The Daily News
(New Zealand)

12 June 1999

Entertainment Section

Lucy looks beyond Xena `Since I'm expecting a baby, any thoughts about my career have sort of melted into the distance'

`I wasn't enjoying it so I knew there was something wrong with me'

Lucy Lawless -- on television also known as Xena: Warrior Princess -- was in Nelson recently for the Suter Art Gallery's 100th birthday party. DAVID MANNING of the Nelson Evening Mail took the opportunity to speak to her about a career that has brought her fame, fortune . . . and fatigue

AFEW minutes before 6am, Lucy Lawless rises to start another typical working day -- the grind most people don't see behind the glamour of being the star of a hit television series.

The night before, she has laid out her clothes so that in minutes she can be on her way for the day's shooting of Xena: Warrior Princess.

An hour in make-up and wardrobe begins 12 hours of work on the show.

At the end of the day she catches up with her daughter, Daisy, and, if she's extremely lucky, has dinner with her husband. Then she lays out her clothes for the next day and retires for the evening.

So goes her work routine day-in, day-out. And in between working on the show, there are promotional demands on her time or requests for personal appearances.

"A lot of people ask me to do things, and I would like to, but they don't realise how busy I am, and tired, so tired," she says.

Her lifestyle can be exacting and exhausting. She recalls how last year it became overwhelming. It was her first week in her new home in Auckland and her gruelling schedule for the Xena series had left her feeling drained.

"Every time I had a break, I had to buzz off to do some five-day trip to Los Angeles, do some show, go to Vegas, do some show, to Florida and come back and start work the next day. I was so incredibly burnt out."

Lucy has previously recalled that time as being on the brink, physically and emotionally, of "something kind of serious" and she needed a break.

"I was just out in the rain and the cold and was really sick of it. I knew I needed some fresh skills for dealing with it because it wouldn' t go away and I couldn't just quit. And despite having everything in the world, I wasn't enjoying it, so I knew there was something wrong with me."

She took a week's break and began a recovery programme to enjoying life. "It was what I needed at the time and the best thing I ever did."

The sensational success of Xena has also brought other pressures. Xena (and by extension Lucy) has become a role-model for women, a feminist hero, a counter to Barbie doll and bimbo babes, and a Wonder Woman for the late 1990s.

The glossy British lifestyle magazine Diva even described her as a lesbian icon -- and then posed this question as an answer to how she might have earned such status: "Could the answer be as simple as this: by standing 1.8m (5ft 11in) in her thigh-high boots, having been poured into a tooled leather bustier and smashing seven kinds of crap out of grubby bearded men?"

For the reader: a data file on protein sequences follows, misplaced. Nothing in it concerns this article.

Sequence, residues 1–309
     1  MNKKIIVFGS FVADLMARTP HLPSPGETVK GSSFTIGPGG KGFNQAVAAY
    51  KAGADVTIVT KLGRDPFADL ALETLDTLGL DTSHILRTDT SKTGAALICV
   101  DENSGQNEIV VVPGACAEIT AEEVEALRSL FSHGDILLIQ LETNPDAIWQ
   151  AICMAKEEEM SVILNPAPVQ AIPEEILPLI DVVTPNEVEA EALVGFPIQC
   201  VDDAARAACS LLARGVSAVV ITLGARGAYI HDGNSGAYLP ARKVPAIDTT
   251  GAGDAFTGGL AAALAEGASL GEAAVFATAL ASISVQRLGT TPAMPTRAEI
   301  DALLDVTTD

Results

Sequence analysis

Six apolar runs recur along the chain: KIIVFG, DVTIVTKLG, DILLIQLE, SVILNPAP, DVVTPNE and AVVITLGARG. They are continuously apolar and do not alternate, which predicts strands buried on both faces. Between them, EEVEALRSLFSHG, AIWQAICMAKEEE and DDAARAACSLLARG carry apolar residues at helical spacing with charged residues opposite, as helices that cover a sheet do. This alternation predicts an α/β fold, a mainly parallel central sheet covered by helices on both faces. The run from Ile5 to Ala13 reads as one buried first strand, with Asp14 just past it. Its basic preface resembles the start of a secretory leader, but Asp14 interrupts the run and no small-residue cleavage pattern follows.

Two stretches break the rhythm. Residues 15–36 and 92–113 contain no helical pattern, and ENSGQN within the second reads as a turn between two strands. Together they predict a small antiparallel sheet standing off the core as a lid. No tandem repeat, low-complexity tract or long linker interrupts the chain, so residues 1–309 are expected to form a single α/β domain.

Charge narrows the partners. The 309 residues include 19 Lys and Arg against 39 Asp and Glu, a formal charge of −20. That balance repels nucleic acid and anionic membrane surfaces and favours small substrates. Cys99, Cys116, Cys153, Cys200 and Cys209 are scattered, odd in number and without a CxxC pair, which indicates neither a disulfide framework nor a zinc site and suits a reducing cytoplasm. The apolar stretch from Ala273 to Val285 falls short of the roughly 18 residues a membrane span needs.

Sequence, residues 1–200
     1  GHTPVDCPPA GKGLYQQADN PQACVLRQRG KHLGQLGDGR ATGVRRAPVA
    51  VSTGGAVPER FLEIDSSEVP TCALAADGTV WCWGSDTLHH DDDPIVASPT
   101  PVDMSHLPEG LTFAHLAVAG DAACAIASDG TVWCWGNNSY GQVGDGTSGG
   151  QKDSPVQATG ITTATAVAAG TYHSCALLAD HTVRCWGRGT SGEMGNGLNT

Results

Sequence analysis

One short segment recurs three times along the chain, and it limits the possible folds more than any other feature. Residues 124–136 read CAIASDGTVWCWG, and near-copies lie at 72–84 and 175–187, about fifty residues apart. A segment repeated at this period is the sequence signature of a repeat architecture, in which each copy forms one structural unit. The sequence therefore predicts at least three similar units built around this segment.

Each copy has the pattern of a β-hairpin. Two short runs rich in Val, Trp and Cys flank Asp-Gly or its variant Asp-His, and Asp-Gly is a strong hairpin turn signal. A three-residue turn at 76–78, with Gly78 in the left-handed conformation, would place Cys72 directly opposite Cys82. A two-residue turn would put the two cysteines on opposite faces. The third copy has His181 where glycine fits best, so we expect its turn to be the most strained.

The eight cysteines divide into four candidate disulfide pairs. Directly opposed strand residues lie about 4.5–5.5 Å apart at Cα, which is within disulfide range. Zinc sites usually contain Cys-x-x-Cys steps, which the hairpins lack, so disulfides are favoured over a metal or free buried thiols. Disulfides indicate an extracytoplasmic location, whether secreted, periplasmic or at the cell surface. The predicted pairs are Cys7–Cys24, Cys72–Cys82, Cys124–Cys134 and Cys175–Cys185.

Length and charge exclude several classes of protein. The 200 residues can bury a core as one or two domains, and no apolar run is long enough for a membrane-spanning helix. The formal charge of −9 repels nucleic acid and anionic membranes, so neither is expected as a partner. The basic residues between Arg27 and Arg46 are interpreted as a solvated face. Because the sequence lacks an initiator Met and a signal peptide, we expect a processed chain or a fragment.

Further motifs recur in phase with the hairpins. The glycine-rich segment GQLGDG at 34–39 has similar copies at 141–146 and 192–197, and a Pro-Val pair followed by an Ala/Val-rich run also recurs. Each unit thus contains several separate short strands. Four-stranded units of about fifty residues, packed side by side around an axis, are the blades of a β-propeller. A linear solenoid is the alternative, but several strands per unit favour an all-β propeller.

The magazine said Xena presented a positive role model to young women and girls.

"Xena has amply filled the C-cup of honour, virtue and rectitude. And luckily for those drooling lesbian viewers, that C-cup spills over."

Initially, Lucy says, she was freaked out by such role-model status being thrust on her, comparing it to a yoke and wondering how she would bear such responsibility. Now she doesn't find she's expected to be anything other than who she is. "So, no, I don't wear that burden heavily now; in fact, it's no burden at all."

The popularity of Xena surfaces in numerous other ways. A US poll in 1997 by an ice cream company put Xena third on the list of people American kids most wanted to have at their birthday party (Chelsea Clinton was first, golfer Tiger Woods second).

The American travel book Let's Go New Zealand 1999 cited her as a national icon; Who and People magazines recently gave her a Fake It award for mastering an American accent.

People want to know who her own heroes are ("Susan Sarandon," she says, "or Judge Judy . . . or anyone with an alliterative name").

Then there's her frenzied Internet following, called the Xenaverse, a cartoon Xena spin-off and massive merchandising. There's even a New York lesbian bar called Meow Mix, that has a monthly Xena night.

News items tell how Lucy suffered from bulimia for a while as a teenager and how she urges her fans to battle body-image obsessions. And that Lucy is anti-nuclear, following US Secretary of State Madeleine Albright' s visit to New Zealand and her suggestion that Lucy wasn't.

Does Lucy smoke? (No.) Is she a vegetarian? (No.) Is she -- wait for it -- a footwear fan? (Yes.)

Although Lucy says that Xena "only exists when the film is running" , in the eyes of many fans she is still only Xena, not Lucy Lawless who plays Xena. So who is Lucy Lawless?

THE raven-haired beauty with ice-blue eyes who became Xena was born in 1968 and raised in Mt Albert, Auckland, in a large, close-knit Catholic family. Her father, Frank Ryan, was a former mayor of Mt Albert and her mother, Juliet, was "a tireless community worker".

As the fifth of seven children (with five brothers, four of them older, and a younger sister), Lucy had "a fairly rough-and-tumble childhood" and was a self-confessed tomboy. "I had a good kick, could throw a punch and I learned not to cry."